By zack

Almost all funeral home websites utilize some flavor of online obituaries. At first glance, they might all seem the same; but in fact, online obituaries come in all shapes and sizes. From paid offerings to free ones. Minimalist or full featured. Hosted or native code. Open or closed.

Since Funeral Innovations provides our own premium online obituaries, we of course have strong opinions about all of the choices mentioned above. And we’ll express our thoughts in a series of posts explaining how you ought to choose your obituaries provider.

However, for now we’d like to expose a trap that can torpedo the long term success of many funeral homes’ web strategy. It’s a mistake that’s made easily and often, because most funeral directors don’t know the potential negative impact until it’s far too late. I want to warn you about the dangers of a closed obituary system.

What’s Wrong with Closed Obituaries?

Most funeral directors fall prey to closed obituaries because they aren’t even aware of what they are! Simply put, closed obituaries lock you down with a single web host, whereas open obituaries will work no matter who hosts your site or even if you change hosts down the line.

Consider this common scenario: as a funeral director you’re not necessarily an expert in web technologies, so you put your trust in some firm to build your website. They say they’ll include online obituaries, which is great because you’ll need to display those on your site. All is well, until a couple years later when the web firm you initially trusted no longer has kept up with the latest technologies. On the web, 2 years is like a generation; during that time you’ve found that another web firm offers far superior products, websites, and hosting. The only problem is that you’ve got years worth of obituaries built up and your current host will not let you take your obituaries if you leave. As a false show of support, your host offers to provide you a dump of your obituary data, but you soon discover that your new firm is unwilling to write a custom program required to migrate this data.

In short, you are out of luck.

Because of this difficulty, you stay with your current, obsolete web property while your competitors adopt the latest technology and start eating away at your market share.

Unfortunately, this shady business practice happens all the time! Last week a customer wanted to come on board with our solutions. When their existing host found out, they provided a dump of the obituary data in a nearly unreadable form, then gave the customer 2 days before shutting down their current site. Fortunately we were able to write a custom script to recover all 2,000 of their obituaries into our open system, however most software companies will not be so flexible.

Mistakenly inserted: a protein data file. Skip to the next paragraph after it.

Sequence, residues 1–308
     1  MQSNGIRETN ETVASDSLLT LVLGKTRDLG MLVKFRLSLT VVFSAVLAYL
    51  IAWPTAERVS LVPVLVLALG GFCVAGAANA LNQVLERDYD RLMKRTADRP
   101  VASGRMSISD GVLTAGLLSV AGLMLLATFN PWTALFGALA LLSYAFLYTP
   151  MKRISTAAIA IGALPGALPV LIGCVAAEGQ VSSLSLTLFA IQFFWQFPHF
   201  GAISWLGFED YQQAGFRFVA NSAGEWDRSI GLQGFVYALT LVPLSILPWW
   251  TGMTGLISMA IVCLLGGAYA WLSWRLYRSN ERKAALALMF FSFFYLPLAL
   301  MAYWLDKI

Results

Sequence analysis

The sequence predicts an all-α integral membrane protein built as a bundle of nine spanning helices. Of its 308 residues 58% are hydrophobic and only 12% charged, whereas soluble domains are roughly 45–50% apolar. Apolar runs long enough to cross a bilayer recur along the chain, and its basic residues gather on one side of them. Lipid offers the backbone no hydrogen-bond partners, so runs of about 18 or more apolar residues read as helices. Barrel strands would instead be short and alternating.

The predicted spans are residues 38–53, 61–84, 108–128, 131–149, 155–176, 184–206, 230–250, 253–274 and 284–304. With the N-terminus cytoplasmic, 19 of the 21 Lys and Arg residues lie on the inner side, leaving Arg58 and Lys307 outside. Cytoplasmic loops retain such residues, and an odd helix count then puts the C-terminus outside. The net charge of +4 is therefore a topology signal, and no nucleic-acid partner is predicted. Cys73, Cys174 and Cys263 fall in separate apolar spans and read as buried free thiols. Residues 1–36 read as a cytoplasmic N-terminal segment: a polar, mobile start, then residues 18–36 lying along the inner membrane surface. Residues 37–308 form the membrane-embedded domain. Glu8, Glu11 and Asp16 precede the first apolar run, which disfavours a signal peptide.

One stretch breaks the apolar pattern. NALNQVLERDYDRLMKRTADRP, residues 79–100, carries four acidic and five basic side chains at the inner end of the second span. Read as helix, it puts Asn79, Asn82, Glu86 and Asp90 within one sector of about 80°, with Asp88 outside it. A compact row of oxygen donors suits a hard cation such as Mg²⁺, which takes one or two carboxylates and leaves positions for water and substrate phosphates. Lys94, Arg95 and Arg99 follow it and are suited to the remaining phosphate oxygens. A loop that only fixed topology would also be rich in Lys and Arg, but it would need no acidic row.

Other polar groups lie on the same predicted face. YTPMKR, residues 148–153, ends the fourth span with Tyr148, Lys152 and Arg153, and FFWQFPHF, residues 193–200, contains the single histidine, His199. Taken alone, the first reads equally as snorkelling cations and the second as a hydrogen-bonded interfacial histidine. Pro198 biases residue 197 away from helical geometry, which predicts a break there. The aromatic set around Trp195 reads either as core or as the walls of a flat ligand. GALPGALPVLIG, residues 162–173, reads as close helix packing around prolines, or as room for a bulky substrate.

Open = Freedom/Flexibility

Compare that scenario with the customers of open obituaries. If you use Funeral Innovations’ premium open obituaries, your data remains YOURS for life. You don’t even need to host with us; but if you do and you ever decide to leave, you can bring your obituaries with you with no extra work required. That’s because open obituaries work with any host, any website, and any system. That means you get the freedom and flexibility of choosing all the best solutions for your business, and never have to worry about being locked in to a single provider or host.


What You Need to Know

Choosing a closed obituary system is one of the biggest dangers facing a funeral director when planning a web strategy. Closed obituaries can negatively affect your business in many ways:

  • Locks you in to a single provider forever
  • Obstructs forward progress of your web strategy
  • Prevents competition, resulting in lower quality obituaries
  • Removes your freedom of choice and flexibility

As you are looking to upgrade your funeral home’s web strategy, here are three questions you absolutely MUST ask any potential technology providers:

  1. Are the obituaries open?
  2. Can I use the obituaries with any web host?
  3. Do I retain ownership of the obituary data?

If they say “no” to any of those questions, you owe it to yourself and your business to say “no” to them!